GRAND RAPIDS, Mich — Animal crates are packed up in a van, ready to pick up 47 animals from shelters in areas hit by Hurricane Ida. Michele Schaut, of Michele's Rescue in Grand Rapids, is driving down south Monday to pick them up.
"People are taken care of first, and animals second," said Schaut. "When you have a shelter in the middle of a storm that annihilates it, 10 to 12 feet of water, there’s nowhere for these animals to go but on top of roofs."
The animals will be brought back up to West Michigan, where various shelters and foster families will take them in. However, this a great need for foster families to look after them, as well as the typical need here in Michigan. Donations of animal supplies are also needed.
"Water, food, looking for smaller dog beds," said Schaut. "Dog treats, toys, bowls, cleaning supplies, bleach. Things like that."
To apply to foster an animal, fill out an application on Michele's Rescue's website.
Meanwhile, many volunteers are already in the thick of clean-up down south. The American Red Cross has people on the ground. About 34 volunteers from Michigan were deployed Monday afternoon, but the executive director of the West Michigan chapter, Breeze Ettle, says that changes hourly.
"We’ve been watching the trajectory of the hurricane for some time now," said Ettle. "We put people in place before the hurricane, and now that we know what is really going on and assessing the situation, we have people heading there now."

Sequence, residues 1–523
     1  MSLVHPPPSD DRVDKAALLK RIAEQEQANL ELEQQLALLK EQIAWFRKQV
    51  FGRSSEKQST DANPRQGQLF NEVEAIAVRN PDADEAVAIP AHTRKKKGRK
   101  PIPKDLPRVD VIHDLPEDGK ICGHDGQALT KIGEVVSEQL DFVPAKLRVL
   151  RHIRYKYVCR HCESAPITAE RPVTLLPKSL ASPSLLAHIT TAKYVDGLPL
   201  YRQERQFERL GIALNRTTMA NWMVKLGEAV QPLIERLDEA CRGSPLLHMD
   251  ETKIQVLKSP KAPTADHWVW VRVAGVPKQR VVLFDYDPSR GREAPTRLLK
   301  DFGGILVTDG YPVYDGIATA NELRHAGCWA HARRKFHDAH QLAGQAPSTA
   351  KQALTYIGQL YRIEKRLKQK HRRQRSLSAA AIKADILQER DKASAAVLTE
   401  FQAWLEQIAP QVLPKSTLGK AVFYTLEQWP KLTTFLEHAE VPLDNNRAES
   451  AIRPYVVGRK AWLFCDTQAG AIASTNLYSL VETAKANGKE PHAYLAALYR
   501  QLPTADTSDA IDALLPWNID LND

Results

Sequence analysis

Monday, volunteers were training for situations like hurricane relief. The volunteers rotate on a two to three week basis, and typically stay in a volunteer shelter.
"Our volunteers are highly trained, they know what they’re getting into," said Ettle. "For first-time volunteers, it's a real experience. But after that, they’re hooked. They see the impact they make for people."
Right now, the American Red Cross is primarily looking for monetary donations. That way, they can put the funds to use in the most efficient way. To donate, visit redcross.org.
The Red Cross is putting a major emphasis on shelter and feeding with their relief efforts. Ettle said they have cots, blankets and thousands of meals in place. Plus, they have blood supplies down there to make sure there is enough blood available.
"This is the biggest hurricane to hit Louisiana since about 1850," said Ettle. "So, this is a huge effort, category 4 hurricane, which means it takes lots of supplies, volunteers and funding to make it all happen."
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